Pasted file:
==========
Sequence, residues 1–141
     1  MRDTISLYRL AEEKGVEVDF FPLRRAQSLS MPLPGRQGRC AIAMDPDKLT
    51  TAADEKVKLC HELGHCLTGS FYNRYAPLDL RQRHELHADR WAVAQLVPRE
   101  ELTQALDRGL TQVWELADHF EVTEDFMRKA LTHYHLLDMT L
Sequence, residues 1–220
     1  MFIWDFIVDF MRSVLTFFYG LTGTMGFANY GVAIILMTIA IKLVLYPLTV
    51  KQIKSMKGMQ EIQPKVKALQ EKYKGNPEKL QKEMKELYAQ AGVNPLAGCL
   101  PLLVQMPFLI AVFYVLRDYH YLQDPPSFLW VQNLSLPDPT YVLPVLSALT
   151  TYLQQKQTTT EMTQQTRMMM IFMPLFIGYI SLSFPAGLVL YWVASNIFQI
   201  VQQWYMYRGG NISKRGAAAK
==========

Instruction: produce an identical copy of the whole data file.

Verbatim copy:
Sequence, residues 1–141
     1  MRDTISLYRL AEEKGVEVDF FPLRRAQSLS MPLPGRQGRC AIAMDPDKLT
    51  TAADEKVKLC HELGHCLTGS FYNRYAPLDL RQRHELHADR WAVAQLVPRE
   101  ELTQALDRGL TQVWELADHF EVTEDFMRKA LTHYHLLDMT L
Sequence, residues 1–220
     1  MFIWDFIVDF MRSVLTFFYG LTGTMGFANY GVAIILMTIA IKLVLYPLTV
    51  KQIKSMKGMQ EIQPKVKALQ EKYKGNPEKL QKEMKELYAQ AGVNPLAGCL
   101  PLLVQMPFLI AVFYVLRDYH YLQDPPSFLW VQNLSLPDPT YVLPVLSALT
   151  TYLQQKQTTT EMTQQTRMMM IFMPLFIGYI SLSFPAGLVL YWVASNIFQI
   201  VQQWYMYRGG NISKRGAAAK